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Review: Reel Brazil festival, Win Win, Shark Night 3D, The Help, The Holy Roller, Friends With Benefits & Upside Down- the Creation Records Story

By Cinema and Reviews

Reel Brazil 2011 posterTo really under­stand a coun­try you have to go and live there – embed your­self with the people, soak up the cul­ture. If you don’t have the time or inclin­a­tion for that then the next best thing to is to get stuck in to their com­mer­cial cinema. Not the stuff that makes it into major inter­na­tion­al film fest­ivals like Berlin and Venice, not the stuff that gets nom­in­ated for for­eign lan­guage Academy Awards, but the films that are made to excite and please a loc­al audi­ence. That’s what fest­ivals like Reel Brazil are all about – a week-long por­trait of a coun­try via its cinema.

In the late 60s Brazil had a kind of Brazilian Idol tele­vi­sion pop com­pet­i­tion where brave young artists per­formed their top song in front of a live audi­ence bay­ing for blood as if they were watch­ing Christians versus lions. But in A Night in 67 we see that year’s com­pet­i­tion rise above the boos and jeers to open a new chapter in Brazilian pop music – legendary names like Gilberto Gil and Caetano Veloso com­pete to win over the tough crowd and in the pro­cess launch massive inter­na­tion­al careers.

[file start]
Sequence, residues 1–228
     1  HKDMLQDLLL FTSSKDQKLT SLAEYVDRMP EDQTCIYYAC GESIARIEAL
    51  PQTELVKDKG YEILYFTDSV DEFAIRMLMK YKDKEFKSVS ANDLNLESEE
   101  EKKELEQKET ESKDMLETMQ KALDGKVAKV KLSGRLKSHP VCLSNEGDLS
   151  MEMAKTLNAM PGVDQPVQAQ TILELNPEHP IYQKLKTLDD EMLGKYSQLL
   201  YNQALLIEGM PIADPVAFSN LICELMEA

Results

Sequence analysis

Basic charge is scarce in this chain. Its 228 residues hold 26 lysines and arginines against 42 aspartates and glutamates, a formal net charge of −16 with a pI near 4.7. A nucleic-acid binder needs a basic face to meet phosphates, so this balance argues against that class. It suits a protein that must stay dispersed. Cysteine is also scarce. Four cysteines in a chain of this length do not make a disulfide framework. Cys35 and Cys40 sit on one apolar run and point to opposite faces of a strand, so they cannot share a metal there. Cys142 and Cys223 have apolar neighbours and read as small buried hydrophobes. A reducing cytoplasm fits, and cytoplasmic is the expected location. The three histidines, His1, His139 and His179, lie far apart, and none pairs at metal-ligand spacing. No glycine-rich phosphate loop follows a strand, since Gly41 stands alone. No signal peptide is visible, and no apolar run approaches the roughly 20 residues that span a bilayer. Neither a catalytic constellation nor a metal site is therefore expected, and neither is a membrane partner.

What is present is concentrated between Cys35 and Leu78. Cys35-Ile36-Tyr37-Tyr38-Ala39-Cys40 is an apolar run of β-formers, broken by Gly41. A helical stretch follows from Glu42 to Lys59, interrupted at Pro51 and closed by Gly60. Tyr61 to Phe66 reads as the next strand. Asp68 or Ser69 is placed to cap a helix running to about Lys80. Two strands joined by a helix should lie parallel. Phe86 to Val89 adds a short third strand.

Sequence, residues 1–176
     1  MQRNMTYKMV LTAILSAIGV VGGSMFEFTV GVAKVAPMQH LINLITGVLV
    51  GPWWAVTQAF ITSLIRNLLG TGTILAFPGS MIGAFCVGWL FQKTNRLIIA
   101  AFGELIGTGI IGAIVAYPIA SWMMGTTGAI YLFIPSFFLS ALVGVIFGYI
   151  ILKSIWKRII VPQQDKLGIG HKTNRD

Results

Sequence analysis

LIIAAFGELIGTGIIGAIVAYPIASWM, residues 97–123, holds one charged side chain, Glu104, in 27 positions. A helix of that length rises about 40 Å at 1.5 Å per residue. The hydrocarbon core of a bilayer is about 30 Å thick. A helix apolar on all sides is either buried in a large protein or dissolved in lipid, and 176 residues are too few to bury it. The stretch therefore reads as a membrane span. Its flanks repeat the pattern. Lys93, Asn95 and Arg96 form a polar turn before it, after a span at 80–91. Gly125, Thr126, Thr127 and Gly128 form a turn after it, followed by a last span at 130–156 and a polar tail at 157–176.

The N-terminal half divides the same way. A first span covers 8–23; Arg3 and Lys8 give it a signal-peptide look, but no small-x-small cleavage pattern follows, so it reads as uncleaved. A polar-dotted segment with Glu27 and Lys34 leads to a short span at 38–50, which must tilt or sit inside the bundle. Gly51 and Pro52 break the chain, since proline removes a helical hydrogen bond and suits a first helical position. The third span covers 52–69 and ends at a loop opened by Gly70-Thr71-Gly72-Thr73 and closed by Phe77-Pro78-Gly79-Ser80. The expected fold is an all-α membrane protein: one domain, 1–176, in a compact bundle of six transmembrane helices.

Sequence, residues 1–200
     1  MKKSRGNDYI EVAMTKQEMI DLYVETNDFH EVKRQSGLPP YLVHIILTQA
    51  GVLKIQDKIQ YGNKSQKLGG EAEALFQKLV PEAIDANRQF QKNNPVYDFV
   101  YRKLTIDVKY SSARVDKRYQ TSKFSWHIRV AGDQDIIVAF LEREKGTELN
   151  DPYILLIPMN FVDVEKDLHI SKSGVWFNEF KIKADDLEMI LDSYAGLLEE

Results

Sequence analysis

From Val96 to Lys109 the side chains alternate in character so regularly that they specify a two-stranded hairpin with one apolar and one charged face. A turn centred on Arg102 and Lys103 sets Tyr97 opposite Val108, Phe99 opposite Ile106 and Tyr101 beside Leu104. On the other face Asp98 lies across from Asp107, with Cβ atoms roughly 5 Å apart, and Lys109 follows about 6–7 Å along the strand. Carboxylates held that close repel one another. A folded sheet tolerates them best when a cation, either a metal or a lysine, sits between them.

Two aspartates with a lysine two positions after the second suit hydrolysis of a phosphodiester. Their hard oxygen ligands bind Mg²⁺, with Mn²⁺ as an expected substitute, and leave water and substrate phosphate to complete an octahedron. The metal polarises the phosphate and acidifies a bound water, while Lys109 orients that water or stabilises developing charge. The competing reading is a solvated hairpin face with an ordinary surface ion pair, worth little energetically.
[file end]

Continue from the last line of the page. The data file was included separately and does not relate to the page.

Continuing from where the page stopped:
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Review: 2012, The Vintner’s Luck, Away We Go and [REC]2

By Cinema and Reviews

After nearly three and a half years of pro­du­cing this cinem­a­goers’ con­sumer guide, per­haps its time for a state­ment of intent. A mani­festo, if you will. Something to place these mus­ings in per­spect­ive as you skim through them over Morning Tea.